The very greenly greens out my window should be making me happy. The realization that I cannot save the world should be a relief. The ways I am rich should bring me joy: my art supplies and new welder; a soulmate, nice neighbors, kindred spirits; drawers full of chocolate; the asparagus, birds, and well-gravelled roads. But no. I’m not happy. Not relieved. Not filled with joy. I’m surprised God even wants to share my peanut butter milk dark stout. But here she is, swirling the frothy brown around like a connoisseur.
“Sweet and musty,” she says, with an exaggerated French accent. “With une légère saveur de dirt.”
“Stop it,” I say. “You’re not funny. I’m in a very bad mood.”
“Really?” God asks. “Who would’ve guessed?”
I ignore the sarcasm. “The thing is, God, I’m not sure what I want anymore. I thought it was a blue couch and a book club. Silk pajamas. Clarity about what to give away and how to die. But the days roll on … tomorrow and tomorrow and tomorrow creeps in this petty pace…”
“And here you are, strutting and fretting your hour on stage,” God interrupts, picking up on that profound riff Shakespeare wrote for his character, Macbeth, four centuries ago.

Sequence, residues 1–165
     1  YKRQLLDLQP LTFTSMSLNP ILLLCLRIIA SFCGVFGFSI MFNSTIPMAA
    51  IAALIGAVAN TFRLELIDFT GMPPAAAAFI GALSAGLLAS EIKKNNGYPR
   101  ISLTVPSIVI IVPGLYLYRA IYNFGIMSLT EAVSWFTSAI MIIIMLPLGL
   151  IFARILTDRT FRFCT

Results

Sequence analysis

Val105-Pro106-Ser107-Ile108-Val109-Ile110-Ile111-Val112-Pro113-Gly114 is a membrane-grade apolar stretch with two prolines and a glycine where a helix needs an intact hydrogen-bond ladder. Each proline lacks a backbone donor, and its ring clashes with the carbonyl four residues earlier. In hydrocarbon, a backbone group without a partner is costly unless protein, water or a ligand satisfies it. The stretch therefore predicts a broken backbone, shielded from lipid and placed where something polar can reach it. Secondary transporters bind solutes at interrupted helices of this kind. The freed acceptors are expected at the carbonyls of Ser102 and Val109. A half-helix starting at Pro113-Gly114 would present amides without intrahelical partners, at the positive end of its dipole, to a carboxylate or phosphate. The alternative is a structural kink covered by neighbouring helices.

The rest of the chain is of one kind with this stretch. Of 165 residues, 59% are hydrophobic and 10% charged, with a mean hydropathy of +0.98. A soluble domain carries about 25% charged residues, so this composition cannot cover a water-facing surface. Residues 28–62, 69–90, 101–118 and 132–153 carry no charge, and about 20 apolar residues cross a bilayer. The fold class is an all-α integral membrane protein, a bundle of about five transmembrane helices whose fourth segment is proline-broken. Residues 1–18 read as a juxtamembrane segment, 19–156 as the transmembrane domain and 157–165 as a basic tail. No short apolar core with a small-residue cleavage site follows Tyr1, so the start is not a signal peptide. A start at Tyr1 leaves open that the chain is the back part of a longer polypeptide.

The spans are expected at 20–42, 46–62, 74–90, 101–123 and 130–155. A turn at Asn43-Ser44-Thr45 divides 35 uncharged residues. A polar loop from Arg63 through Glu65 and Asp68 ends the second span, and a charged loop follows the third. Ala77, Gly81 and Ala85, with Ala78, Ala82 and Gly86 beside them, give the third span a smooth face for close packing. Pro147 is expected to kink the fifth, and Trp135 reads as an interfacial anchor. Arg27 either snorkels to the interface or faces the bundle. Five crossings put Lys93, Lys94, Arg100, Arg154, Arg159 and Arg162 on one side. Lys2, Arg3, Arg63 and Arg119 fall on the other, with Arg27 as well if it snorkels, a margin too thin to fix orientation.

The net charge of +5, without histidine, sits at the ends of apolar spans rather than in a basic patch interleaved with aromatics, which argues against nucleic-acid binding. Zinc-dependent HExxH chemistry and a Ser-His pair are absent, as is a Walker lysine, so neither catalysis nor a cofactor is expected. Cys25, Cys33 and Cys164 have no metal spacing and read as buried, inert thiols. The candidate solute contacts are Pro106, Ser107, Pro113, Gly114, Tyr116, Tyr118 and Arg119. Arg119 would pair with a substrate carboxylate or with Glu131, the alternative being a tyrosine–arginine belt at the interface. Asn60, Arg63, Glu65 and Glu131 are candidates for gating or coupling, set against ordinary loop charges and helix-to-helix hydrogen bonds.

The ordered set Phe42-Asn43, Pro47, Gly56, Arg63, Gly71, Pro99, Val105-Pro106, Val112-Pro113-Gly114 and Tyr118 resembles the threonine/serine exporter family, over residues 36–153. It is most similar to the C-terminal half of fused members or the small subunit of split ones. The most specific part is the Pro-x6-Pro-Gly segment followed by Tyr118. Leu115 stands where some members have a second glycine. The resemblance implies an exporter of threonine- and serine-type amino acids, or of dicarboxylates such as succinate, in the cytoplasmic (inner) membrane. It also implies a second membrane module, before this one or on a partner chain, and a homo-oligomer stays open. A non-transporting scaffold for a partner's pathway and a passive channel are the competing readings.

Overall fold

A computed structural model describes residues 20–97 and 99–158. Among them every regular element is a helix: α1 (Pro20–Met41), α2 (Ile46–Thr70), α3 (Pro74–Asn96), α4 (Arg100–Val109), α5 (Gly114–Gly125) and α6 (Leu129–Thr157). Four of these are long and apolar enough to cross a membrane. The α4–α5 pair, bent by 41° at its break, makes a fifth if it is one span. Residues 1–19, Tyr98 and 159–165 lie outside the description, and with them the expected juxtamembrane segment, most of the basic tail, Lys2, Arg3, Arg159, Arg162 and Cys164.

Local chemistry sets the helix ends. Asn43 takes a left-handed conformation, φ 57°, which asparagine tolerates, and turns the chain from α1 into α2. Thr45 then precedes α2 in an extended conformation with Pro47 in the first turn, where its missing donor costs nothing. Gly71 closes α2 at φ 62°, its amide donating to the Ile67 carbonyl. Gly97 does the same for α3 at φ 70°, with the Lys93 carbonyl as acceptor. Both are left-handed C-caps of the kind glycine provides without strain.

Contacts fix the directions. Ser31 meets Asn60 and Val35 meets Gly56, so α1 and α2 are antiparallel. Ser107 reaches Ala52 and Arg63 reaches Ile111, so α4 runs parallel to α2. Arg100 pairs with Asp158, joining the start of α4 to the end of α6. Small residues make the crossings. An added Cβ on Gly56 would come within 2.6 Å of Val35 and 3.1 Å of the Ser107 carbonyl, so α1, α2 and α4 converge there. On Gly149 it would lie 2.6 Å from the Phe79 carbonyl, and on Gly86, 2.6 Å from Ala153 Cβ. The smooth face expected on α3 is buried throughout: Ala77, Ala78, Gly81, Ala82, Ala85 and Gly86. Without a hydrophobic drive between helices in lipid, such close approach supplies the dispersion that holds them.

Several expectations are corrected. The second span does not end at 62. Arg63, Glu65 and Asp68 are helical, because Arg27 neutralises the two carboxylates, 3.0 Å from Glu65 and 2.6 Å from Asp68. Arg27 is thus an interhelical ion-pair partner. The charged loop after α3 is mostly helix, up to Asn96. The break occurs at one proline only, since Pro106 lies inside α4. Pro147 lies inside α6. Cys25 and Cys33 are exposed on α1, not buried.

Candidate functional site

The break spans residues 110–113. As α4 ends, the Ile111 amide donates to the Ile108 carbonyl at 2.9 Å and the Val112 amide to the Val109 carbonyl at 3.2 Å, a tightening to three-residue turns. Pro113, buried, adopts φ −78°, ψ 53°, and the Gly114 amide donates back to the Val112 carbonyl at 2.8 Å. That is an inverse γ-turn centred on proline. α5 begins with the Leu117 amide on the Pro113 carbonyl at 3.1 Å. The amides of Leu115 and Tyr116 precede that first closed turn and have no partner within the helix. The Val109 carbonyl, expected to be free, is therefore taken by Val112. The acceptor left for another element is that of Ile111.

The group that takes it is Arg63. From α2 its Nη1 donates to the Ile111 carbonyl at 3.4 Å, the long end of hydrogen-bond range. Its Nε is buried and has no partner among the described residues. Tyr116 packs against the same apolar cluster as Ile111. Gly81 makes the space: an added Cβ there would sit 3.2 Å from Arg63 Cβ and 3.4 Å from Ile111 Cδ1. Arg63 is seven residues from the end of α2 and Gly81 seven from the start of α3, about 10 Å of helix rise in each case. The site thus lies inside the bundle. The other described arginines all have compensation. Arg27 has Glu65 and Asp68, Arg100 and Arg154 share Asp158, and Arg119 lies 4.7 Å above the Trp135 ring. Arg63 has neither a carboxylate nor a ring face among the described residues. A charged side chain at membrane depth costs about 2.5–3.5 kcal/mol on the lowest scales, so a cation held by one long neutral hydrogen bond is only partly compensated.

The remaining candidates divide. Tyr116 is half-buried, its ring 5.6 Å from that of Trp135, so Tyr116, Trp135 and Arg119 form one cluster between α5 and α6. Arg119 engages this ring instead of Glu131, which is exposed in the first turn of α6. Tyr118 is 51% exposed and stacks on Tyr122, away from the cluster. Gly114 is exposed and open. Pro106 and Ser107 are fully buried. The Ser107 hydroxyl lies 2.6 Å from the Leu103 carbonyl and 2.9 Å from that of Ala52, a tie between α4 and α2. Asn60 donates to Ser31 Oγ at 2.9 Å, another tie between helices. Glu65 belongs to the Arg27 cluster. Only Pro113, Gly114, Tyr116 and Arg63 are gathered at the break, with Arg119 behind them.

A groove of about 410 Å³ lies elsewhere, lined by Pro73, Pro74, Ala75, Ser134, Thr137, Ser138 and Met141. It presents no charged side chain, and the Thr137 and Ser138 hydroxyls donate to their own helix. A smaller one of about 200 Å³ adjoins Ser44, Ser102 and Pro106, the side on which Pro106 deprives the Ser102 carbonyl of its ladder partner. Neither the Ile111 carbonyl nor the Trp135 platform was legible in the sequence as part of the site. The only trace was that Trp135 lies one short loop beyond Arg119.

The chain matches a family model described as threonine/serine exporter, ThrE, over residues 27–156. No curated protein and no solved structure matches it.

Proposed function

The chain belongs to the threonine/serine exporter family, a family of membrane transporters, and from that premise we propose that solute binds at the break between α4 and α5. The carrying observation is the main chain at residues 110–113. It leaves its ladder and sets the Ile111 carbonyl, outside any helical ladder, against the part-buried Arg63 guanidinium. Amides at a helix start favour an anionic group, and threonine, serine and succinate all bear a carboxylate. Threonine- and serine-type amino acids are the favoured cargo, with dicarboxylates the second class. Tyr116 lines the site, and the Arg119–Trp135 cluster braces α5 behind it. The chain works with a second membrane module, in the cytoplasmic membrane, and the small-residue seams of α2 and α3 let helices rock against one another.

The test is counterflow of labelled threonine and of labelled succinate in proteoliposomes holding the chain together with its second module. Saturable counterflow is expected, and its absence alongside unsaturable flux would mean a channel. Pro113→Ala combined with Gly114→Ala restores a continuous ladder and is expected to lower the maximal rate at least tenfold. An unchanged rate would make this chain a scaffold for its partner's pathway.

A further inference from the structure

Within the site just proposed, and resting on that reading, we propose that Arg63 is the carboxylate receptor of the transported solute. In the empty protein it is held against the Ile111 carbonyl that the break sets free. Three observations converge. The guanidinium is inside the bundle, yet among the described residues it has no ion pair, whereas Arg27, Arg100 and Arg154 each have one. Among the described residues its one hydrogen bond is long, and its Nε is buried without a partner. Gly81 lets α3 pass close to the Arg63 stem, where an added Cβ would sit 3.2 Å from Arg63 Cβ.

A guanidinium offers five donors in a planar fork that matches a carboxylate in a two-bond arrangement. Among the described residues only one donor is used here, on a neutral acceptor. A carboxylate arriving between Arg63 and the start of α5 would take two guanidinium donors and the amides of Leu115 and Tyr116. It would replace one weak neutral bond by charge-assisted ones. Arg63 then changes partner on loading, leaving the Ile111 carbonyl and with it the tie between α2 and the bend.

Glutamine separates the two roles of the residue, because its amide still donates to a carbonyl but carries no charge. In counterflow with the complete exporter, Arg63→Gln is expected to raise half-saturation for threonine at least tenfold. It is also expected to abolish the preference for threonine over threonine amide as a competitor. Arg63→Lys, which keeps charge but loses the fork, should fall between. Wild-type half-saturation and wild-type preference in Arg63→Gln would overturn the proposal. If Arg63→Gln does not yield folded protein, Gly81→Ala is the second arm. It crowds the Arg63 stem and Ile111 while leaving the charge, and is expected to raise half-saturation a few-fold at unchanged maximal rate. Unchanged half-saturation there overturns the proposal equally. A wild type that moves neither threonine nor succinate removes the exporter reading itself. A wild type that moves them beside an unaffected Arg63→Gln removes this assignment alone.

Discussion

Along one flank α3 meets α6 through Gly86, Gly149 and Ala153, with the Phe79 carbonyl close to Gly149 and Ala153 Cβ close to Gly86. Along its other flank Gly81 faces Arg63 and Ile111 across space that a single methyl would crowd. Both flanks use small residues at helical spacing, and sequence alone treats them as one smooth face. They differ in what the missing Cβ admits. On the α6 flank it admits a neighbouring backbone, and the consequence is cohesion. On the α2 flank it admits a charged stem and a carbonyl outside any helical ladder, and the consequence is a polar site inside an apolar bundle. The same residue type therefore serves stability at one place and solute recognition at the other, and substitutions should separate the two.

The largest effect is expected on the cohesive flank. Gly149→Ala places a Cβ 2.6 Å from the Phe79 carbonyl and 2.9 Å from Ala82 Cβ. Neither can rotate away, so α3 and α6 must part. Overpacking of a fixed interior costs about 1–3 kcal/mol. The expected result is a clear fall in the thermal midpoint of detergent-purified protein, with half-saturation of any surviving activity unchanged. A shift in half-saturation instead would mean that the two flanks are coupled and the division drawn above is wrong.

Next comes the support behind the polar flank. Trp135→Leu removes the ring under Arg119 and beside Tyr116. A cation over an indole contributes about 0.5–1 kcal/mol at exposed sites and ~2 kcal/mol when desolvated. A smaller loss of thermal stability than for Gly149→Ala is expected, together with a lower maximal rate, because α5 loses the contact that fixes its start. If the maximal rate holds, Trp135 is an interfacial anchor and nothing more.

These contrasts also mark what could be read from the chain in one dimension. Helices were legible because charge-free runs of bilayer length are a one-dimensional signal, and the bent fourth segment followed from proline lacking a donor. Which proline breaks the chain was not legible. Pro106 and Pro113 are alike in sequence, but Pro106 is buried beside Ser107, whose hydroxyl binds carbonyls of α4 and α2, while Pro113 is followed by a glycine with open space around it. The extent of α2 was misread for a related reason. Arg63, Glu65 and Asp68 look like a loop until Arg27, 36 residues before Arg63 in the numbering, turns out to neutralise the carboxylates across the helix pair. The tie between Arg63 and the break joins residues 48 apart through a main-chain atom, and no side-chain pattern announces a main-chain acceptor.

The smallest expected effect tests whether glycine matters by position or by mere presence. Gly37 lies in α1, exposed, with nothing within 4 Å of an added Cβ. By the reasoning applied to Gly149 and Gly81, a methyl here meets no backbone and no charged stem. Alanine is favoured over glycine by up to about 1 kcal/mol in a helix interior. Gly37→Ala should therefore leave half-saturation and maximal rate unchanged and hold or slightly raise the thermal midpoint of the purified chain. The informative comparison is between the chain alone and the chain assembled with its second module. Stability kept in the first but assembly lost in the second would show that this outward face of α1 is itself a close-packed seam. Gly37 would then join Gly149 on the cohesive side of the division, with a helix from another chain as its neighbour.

“Not strutting,” I protest. “But yeah, maybe fretting.”
God grins. “My favorite definition of fretting is to gnaw with teeth in the manner of a rodent.”
I don’t want to smile, but who can resist that image? God and I clink our glasses together and she says, “When you die, you’re gone. But what you did with your life stays. It’s fine if you leave some teeth marks here and there. I leave some myself occasionally.”
“I know,” I say. “I’ve got the bite marks to prove it.”
“Oh, those aren’t mine,” God says. “Look closer.”
Dental patterns are unique. I know very little about God’s dental features, but I’m familiar with my own. I examine my scars. It appears I’ve been gnawing on myself for years. I run to check nearby loved ones, and yes, I’ve gnawed on them, too. God reveals her tender underarm. Unbelievable. I’ve even gnawed on God.
“Sorry,” I mumble. “That’s not the legacy I was hoping for.” I grab some healing balm and rub it on God’s flesh. The bite marks fade. “I’m so sorry,” I repeat. I offer God my first born, my pajamas, my credit cards, and the book club. God laughs, helps me rub some balm into my own bite marks, and shakes her head.
“None of your stuff fits me,” she says. “But you’re on the right track. Carry on.”